The prevalence of diabetes in the United States was 12% to 14% in 2011-2012 with higher rates in black, Asian, and Hispanic populations.

Over the past decade, the prevalence of diabetes has increased, placing it as a major cause of mortality and morbidity in the United States.

Andy Menke, Ph.D., of Social & Scientific Systems, a biotechnology company in Silver Spring, Md., and his colleagues sought to estimate the U.S. trends and prevalence of prediabetes, total diabetes, diagnosed diabetes, and undiagnosed diabetes using data from the National Health and Nutrition Examination Survey (NHANES). Their results were published in the Journal of the American Medical Association online Sept. 8.

NHANES is a cross-sectional survey, conducted from 1988 to 1994 and 1999 to 2012. To estimate the most recent prevalence, the investigators sampled 2,781 adults from the 2011-2012 data and included 23,634 adults to estimate the trends from 1988 to 2010.

The prevalence of diabetes was determined based on a diagnosis of diabetes or evidence of based on fasting plasma glucose greater than 126 mg/dL, hemoglobin A1c of 6.5% or more, or 2-hour post prandial glucose greater than 200 mg/dL. Prediabetes was noted to be based on 2-hour post prandial glucose of 140-199 mg/dL, fasting plasma glucose of 100-125 mg/dL, or hemoglobin A1c of 5.7%-6.4%.

During 2011-2012, the prevalence of diabetes based on 2-hour post prandial glucose, fasting plasma glucose, or hemoglobin A1c was 14.3% for total diabetes (diagnosed and undiagnosed). Furthermore, the prevalence was 9.1% for diagnosed, 5.2% for undiagnosed, and 38% for prediabetes.

When compared to white individuals (11.3%), the age-standardized prevalence of diabetes was higher in Hispanic (22.6%, P less than .001), Asian (20.6%, P = .007), and black (21.8%, P less than .001) individuals. Likewise, Hispanics (29.7%, P = .003) and blacks (30.8%, P less than .001) tended to have higher BMIs compared to whites (28.4%). Asians tended to have lower BMIs (24.6%, P less than .001).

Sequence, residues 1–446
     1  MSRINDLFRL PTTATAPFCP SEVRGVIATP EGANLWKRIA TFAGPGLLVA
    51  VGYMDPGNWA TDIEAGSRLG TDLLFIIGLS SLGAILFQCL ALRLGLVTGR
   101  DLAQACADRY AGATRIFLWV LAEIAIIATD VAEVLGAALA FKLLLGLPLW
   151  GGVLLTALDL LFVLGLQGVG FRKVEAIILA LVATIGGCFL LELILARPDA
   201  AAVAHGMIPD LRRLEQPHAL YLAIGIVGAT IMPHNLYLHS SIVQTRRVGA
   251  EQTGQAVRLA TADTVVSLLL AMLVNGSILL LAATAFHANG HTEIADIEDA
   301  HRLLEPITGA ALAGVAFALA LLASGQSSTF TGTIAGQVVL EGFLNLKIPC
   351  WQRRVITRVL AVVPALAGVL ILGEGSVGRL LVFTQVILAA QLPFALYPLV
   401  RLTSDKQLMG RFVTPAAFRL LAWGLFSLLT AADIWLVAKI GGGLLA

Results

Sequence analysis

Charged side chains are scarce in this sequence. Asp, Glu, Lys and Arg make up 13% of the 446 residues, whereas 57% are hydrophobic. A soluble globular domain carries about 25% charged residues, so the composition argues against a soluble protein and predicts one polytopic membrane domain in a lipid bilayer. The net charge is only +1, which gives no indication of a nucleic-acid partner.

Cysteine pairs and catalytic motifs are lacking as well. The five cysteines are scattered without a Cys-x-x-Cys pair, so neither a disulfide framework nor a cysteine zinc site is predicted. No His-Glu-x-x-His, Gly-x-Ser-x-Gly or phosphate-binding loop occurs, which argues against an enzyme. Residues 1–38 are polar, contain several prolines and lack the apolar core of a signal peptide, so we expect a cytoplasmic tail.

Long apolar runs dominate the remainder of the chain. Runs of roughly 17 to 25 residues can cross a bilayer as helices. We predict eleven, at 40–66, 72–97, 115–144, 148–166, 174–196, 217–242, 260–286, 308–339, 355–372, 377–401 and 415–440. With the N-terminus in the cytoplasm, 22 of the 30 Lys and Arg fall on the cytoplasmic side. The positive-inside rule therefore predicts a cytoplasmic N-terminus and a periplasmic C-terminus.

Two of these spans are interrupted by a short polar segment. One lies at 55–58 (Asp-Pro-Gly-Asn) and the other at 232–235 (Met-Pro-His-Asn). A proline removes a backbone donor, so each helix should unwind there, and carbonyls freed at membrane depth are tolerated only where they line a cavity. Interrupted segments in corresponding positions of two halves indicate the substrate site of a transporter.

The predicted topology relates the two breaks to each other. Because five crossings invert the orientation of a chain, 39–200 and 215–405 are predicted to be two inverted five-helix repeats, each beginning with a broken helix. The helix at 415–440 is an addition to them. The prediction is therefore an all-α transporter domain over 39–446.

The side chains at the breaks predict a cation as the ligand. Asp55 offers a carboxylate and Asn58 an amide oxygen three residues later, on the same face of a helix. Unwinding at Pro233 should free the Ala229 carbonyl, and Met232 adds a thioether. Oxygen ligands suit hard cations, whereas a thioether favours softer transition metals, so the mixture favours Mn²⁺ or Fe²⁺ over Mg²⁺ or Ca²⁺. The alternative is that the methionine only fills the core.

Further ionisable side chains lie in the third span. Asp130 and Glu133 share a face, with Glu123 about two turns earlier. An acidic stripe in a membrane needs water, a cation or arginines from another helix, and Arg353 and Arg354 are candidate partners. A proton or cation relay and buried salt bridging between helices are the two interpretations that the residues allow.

The age-standardized prevalence of undiagnosed diabetes was higher in Hispanic (49%, P = .02) and Asian (50.9%, P = .004) individuals than in other groups. However, the age-standardized prevalence of prediabetes was higher in blacks (39.6%) than in Asians (32.2%, P = .05).

When defining diabetes based on hemoglobin A1c or fasting plasma glucose alone, the authors found fewer people with undiagnosed diabetes. For example, the prevalence was 12.3% for total diabetes with 3.1% undiagnosed and 9.2% diagnosed. Furthermore, 36.5% of the study subjects qualified as prediabetic based on these definitions.

The age-standardized prevalance of diabetes increased from 9.8% to 12.4% during the 1988-1994 and 2011-2012 periods (P less than .001 trend). However, there was not much change in prevalence from 2007-2008 to 2011-2012 (12.5% to 12.4%).

The prevalence of diabetes significantly increased during the study time period in both sexes, all racial groups, education levels, incomes, and ages.

The amount of total diabetes that was undiagnosed decreased in most groups, including sex, racial groups, and most age groups. However, in Mexican American subjects the rate of undiagnosed diabetes actually increased over the study period (5.6% to 5.9%, P = .01). The increased prevalence of diabetes was due to increases in the amount of diagnosed diabetes, the authors wrote.

Finally, the age-standardized prevalence of total diabetes for subjects aged 40-74 years was 15.9%, 18.1%, and 18% during 1988-1994, 2005-2006, and 2011-2012, respectively (P = .01 for trend).

“Between 1988-1994 and 2011-2012, the prevalence of diabetes increased significantly among the overall population and among each age group, both sexes, every racial/ethnic group, every education level, and every income level, with a particularly rapid increase among non-Hispanic black and Mexican American participants. The proportion of people who had undiagnosed diabetes significantly decreased,” the authors noted.

The authors further clarified that the lower rates of undiagnosed diabetes over time may be secondary to improved survival in patients with diabetes and better screening.

The National Institute of Diabetes and Digestive and Kidney Diseases supported the study. The authors reported no conflicts of interests.


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